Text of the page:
There is a slit and flap arrangement on mine, it just slides sort of over the snorkel so it is exposed to the outside air. Since it was second hand, I really do not know if the other guy did that or if Kaw thought ahead.

Kawasaki makes a soft plastic windshield for the soft cab, but I would avoid all plastics and go to an automotive glass shop and get a tempered glass cut to fit the front roll cage. I intend to set my glass about ten inches above the hood, and all the way to the top. Believe it or not, chain link fence panel brackets work great to hold the glass to the roll bar, but require rubber insulators to keep the bolt and hole in the glass from colliding and breaking the glass. Then I will use a boat fabric chunk to fit below the windshield and above the hood, and velcro to hold it to the windshield and to the roll cage. Then just let it snap on the hood with velcro tabs to keep it secure. I tried one of those high dollar glass windshields that fit the full opening and have the gas struts, but at zero the gas struts conk out and it is like pulling teeth to get the windshield open to get the hood open to reach my spotting scope and extra supplies. I did the same thing for my last Polaris after trying to use their goofy OEM glass windshield too.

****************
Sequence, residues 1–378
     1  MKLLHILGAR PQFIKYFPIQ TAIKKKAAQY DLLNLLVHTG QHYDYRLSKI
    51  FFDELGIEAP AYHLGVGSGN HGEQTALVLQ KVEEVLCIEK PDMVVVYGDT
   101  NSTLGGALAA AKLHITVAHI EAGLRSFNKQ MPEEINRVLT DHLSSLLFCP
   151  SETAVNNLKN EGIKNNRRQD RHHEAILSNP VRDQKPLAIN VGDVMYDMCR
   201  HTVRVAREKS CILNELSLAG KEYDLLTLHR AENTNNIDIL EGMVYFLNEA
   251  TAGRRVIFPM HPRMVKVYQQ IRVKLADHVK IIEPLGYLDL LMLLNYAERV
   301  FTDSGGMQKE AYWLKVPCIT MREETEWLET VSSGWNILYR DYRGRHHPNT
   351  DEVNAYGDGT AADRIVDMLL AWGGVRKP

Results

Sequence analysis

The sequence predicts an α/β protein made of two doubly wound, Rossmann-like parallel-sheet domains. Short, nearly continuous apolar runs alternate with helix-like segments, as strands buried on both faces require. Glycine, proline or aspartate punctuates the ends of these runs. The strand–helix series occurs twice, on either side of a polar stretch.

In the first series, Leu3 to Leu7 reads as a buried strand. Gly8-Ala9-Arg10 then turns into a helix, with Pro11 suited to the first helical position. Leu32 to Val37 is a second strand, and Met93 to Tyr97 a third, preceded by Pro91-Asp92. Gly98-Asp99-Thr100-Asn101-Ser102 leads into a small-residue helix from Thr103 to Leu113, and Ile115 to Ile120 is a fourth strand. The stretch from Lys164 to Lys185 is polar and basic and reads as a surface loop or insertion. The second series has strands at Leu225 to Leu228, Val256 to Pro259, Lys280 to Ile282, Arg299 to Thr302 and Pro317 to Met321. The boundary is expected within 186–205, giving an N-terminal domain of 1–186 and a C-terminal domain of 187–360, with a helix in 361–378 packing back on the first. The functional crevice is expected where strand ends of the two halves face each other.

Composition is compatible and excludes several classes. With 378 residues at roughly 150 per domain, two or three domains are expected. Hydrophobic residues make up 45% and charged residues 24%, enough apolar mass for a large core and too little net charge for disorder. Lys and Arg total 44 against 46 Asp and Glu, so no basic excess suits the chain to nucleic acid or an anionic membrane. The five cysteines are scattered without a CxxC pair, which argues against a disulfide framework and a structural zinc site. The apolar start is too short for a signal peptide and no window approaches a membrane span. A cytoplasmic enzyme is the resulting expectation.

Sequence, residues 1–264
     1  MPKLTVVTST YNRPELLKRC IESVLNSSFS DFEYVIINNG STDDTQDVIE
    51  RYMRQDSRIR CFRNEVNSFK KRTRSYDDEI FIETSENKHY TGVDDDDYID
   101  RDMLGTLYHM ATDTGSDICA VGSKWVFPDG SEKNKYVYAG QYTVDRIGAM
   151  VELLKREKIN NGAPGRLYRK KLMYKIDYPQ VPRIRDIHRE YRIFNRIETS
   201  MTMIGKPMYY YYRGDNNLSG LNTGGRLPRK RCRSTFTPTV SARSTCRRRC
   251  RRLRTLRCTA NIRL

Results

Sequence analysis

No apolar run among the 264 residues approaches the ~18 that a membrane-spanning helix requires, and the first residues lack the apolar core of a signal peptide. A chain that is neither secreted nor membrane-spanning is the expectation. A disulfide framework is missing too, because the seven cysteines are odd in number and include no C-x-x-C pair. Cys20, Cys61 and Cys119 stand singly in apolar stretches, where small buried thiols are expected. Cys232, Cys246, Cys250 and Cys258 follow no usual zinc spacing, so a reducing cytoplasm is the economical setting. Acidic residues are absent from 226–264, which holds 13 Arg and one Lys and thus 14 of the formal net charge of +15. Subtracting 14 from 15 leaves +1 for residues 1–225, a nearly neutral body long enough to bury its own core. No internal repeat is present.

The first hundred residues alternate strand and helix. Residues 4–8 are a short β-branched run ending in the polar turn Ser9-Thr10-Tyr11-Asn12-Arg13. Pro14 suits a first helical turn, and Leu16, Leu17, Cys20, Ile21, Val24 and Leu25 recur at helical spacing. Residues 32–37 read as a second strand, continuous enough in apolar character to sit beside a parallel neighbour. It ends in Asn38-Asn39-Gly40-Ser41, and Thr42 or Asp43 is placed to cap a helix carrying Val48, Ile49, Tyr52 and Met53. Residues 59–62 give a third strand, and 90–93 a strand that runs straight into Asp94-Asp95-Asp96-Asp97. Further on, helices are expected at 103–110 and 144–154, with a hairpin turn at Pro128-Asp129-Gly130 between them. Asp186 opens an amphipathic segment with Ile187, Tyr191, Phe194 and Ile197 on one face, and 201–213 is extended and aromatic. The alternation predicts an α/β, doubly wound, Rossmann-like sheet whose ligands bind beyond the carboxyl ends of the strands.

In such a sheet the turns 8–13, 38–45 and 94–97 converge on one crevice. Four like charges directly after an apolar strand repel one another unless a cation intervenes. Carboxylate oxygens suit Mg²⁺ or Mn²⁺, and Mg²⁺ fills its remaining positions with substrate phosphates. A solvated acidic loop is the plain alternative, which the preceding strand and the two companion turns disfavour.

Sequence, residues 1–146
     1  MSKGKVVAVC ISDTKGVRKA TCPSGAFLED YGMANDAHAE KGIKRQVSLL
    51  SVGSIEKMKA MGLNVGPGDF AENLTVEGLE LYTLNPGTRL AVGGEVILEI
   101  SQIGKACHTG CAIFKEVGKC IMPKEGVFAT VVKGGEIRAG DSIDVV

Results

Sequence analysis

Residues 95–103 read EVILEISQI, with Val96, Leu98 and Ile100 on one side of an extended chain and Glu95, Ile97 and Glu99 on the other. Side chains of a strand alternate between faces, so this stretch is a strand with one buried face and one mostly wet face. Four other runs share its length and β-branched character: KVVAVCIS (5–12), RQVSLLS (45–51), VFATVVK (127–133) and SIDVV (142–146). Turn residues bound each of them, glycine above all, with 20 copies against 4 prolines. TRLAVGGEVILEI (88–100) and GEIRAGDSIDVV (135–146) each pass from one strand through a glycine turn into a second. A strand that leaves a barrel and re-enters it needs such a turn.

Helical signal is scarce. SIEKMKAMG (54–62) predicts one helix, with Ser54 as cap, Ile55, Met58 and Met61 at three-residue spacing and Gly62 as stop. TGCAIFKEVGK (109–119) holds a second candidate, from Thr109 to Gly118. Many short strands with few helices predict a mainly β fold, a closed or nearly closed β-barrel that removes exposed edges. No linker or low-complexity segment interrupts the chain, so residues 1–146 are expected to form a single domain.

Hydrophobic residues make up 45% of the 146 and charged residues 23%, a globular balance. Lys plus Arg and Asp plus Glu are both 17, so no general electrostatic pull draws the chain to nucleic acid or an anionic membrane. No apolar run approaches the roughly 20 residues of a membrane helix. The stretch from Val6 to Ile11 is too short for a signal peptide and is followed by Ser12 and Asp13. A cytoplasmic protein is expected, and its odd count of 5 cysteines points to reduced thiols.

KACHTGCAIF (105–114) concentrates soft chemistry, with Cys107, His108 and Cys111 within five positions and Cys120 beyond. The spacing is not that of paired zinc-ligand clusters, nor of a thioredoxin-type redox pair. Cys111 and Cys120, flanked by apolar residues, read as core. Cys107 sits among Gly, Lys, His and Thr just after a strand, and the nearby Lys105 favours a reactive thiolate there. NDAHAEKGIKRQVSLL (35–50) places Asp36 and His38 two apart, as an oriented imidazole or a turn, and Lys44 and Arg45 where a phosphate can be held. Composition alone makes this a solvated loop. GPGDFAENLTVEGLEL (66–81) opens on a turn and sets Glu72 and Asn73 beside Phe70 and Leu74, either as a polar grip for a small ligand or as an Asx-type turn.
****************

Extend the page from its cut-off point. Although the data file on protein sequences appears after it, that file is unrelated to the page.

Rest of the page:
You will notice I like velcro, when it is sleeting and ice is building up the velcro still works while zippers and snaps freeze solid. I also carry a few bungies just in case.
 

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I went through the same questions you are, and ended up buying a full blown Kawasaki soft cab and doors off Ebay for under $300. I would look there first and save a ton of money.

As far as heating it goes, the soft cabs heat way better than the metal cabs. They are less conductive of the heat so keep it in. The best heaters I have found are from a company by the name of Harold Electric in Walla Walla, Washington. They make heavy duty agricultural heaters that really work. The puny Kawasaki heater is a waste of time. Put the HECO heater in and disconnect your radiator fans and cover the radiators and the heater will keep the cab so warm it will melt snow off the roof and you will have to flip open your drivers window to stay comfortable in weather down well below zero.

The only change I will be doing is to install a glass windshield and a big single marine wiper that hits the entire thing. The Plexiglas and plastic windshields get scratched and turn fuzzy in about six months. The door and back windows are just fine in that floppy plastic stuff as they get less abrasion.
Would this heater be the Red Dot R-270 on this page?
Red Dot Heaters from Harold Electric

Will this take up much more room than the Kawasaki heater?
Thanks
Surf
 

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I used a version of the 255, but my hunting buddy used the smaller R256. Both take more room than the puny Kaw heater, but they also put out real heat!